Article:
When it comes to writing for the Web, nuance shapes the craft. In my years as a Web designer, content writer and search engine optimizer, I’ve found many people to have several misconceptions of what effective Web writing is, such as:

  • The more key word phrases, the better.
  • Our brochure copy will work just fine for the Web.
  • The fewer words the better, people don’t read the Web.
  • The content in our business plan will also work for the Web.
  • We need to sound hip to appeal to a younger audience.
  • Words are less important than flash.

While I’ve found all of the above points to be true to certain point, experience tells me there needs to be a balance.

Here’s what I mean:

Key words. It is true that Web content should have targeted key words and phrases. However, key-word stuffed content actually gets penalized by the search engines. Newer updates of the search engine algorithms are also favoring quality, in-depth content that reads and flows naturally. Because an excessive use of key words hinders the reading experience, well-written Web content that follows more traditional writing standards is becoming more favorable and findable.

Using brochure copy. When we write for brochures, we’re employing a different mindset that reaches our target audience. The way we present information about our organization may be more or less content heavy than what is on the Web. But the key in Web writing is the calls to action. Brochure content requires a different strategy. That’s why when my clients ask me to write brochure content that they can repurpose for the Web, or vice versa, I tell them right away that is not the best approach.

Overly concise. When I entered the world of the Web, I loved the idea of writing in a way that was pithy and conversational. However, there is such a thing as being overly concise. While some statistics show that people “don’t read on the Web,” there is a way to organize and present beefed up content so your users get answers to their questions. This doesn’t mean we have to omit key content, especially if our offline marketing materials keep encouraging visitors to “learn more” on our websites.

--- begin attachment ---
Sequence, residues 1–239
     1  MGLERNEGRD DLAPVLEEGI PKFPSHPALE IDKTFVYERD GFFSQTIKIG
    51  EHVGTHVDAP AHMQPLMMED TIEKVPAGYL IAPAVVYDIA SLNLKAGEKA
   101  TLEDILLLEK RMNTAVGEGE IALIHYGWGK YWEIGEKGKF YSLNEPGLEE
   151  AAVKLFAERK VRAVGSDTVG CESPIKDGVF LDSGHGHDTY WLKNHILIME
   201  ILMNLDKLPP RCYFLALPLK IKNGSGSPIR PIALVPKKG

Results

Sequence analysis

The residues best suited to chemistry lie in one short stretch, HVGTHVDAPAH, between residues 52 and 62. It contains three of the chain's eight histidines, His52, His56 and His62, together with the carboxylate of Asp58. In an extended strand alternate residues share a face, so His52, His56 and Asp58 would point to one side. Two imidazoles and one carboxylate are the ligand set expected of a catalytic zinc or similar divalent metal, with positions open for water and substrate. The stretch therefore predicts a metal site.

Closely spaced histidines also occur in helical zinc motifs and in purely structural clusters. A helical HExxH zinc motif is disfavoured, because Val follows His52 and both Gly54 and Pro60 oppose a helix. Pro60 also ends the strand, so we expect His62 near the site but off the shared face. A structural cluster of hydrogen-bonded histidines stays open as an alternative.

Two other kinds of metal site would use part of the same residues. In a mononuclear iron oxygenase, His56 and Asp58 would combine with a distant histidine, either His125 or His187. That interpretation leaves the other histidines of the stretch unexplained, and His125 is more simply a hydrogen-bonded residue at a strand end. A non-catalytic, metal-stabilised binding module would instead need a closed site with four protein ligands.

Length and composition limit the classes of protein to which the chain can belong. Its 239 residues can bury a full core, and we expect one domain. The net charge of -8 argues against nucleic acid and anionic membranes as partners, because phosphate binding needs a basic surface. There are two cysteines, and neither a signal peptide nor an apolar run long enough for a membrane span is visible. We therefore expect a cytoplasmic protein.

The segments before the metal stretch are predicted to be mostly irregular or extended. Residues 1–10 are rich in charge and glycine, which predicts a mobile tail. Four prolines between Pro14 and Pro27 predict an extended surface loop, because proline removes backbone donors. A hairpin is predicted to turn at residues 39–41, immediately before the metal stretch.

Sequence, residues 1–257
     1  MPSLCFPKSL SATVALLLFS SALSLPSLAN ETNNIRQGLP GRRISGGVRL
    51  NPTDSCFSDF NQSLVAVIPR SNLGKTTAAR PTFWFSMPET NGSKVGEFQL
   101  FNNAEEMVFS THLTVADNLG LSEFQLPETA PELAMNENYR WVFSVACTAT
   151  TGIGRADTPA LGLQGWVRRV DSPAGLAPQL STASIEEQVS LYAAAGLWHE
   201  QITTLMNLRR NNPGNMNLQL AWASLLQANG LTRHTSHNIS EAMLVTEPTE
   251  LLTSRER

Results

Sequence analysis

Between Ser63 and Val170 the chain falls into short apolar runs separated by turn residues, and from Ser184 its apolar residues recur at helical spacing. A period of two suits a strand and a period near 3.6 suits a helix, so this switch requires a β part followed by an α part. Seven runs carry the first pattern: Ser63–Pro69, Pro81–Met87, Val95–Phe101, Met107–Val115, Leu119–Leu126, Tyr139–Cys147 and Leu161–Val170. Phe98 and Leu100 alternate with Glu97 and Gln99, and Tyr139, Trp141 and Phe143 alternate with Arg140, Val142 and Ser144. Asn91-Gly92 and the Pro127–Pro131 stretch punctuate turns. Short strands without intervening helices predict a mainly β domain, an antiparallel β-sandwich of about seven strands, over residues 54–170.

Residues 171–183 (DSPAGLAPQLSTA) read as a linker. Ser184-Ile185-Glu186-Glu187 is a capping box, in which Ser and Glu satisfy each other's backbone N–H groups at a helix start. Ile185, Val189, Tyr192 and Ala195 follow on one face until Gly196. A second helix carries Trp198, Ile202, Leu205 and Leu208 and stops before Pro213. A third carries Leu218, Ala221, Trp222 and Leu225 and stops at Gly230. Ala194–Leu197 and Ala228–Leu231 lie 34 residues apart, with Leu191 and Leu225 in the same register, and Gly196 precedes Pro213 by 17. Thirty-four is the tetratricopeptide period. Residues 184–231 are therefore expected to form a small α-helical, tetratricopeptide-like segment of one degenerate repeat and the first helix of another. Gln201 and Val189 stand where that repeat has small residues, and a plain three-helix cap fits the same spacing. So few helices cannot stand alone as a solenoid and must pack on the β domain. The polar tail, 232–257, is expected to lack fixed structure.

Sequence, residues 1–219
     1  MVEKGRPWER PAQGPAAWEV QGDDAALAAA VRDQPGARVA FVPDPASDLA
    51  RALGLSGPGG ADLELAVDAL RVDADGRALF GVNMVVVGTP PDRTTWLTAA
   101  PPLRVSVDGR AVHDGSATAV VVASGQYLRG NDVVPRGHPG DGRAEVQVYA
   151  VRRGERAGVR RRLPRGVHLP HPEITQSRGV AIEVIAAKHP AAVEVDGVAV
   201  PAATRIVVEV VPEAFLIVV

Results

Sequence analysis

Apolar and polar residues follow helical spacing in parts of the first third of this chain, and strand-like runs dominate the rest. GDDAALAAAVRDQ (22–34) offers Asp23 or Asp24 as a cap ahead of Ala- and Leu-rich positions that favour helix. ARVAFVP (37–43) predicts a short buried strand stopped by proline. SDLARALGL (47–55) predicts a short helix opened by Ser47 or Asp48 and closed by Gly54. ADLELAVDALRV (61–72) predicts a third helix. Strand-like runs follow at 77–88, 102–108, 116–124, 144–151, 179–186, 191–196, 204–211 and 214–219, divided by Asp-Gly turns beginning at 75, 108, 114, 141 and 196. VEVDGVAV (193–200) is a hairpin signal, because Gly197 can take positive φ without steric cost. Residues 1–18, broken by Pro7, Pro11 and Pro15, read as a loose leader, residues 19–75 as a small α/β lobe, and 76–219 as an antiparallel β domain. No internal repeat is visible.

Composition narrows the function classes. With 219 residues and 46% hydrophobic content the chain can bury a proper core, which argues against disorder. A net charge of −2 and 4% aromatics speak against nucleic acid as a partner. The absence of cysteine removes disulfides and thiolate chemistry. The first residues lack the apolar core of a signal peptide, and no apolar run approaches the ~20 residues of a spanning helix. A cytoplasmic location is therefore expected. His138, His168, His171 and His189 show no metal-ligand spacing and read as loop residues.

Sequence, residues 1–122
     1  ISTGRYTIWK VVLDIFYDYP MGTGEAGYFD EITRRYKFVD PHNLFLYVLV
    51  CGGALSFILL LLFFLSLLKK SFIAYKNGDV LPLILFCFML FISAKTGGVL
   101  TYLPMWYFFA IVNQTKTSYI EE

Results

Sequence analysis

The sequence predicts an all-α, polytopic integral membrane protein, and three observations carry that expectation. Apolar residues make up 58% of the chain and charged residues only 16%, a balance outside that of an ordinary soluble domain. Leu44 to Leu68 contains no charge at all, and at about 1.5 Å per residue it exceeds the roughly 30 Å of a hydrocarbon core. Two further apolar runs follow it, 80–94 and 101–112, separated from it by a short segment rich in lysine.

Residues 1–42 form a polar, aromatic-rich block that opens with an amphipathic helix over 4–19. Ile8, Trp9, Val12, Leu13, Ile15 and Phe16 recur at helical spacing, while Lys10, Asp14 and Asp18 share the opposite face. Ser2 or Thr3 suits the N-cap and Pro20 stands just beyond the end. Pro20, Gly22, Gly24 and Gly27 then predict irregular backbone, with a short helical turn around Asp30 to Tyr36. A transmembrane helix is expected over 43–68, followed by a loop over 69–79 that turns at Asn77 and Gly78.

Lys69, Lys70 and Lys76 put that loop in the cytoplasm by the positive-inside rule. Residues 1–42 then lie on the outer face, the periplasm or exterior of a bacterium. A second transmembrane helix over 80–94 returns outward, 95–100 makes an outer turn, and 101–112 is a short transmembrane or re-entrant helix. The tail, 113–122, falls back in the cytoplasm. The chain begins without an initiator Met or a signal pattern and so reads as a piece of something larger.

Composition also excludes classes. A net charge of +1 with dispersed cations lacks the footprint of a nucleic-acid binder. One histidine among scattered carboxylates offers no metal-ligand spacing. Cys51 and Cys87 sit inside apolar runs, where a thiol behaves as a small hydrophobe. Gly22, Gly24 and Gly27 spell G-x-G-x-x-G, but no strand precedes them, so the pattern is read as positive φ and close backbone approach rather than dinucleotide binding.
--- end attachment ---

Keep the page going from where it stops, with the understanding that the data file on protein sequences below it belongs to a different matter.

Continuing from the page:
Using business plan copy. When we first build a website, it’s tempting to want to take the easy way out by copying and pasting official language from our business plans into our websites. Unfortunately there is no bigger turn off than overly formal language that describes our business. However, I think it’s important that we use our business plans to help us strategize the information we want to share on our websites and the conversational way of presenting it.

We need to sound hip. When it comes to marketing, our first question to ourselves should always be, “Who is our audience?” Once we determine this, we get a better sense of how our audience prefers to receive information and as well as the tone. Whether this means sounding hip is another story. It all boils down to your audience demographics and what gets them engaged.

Word are less important than flash. If your website isn’t closing the sale and you’ve got a fun, flashy website, then obviously there’s something missing. At the end of the day, people communicate through language. Even in a graphic-design heavy environment, there needs to be obvious calls to action to guide users to the next step. Aesthetics are important, but in Web design, they don’t trump verbal communication.

Make it Work for You

As you write copy for your website, use your previous marketing materials and business plan as a tool to understand what makes your company unique. Put yourself in the mindset of your audience to determine the best tone, voice and lingo that will resonate with them. Write Web content that creates conversations and guides your users to where they need to be. Remember, they visit your website for a reason. Help them get what they need sooner than later and watch engagement improve!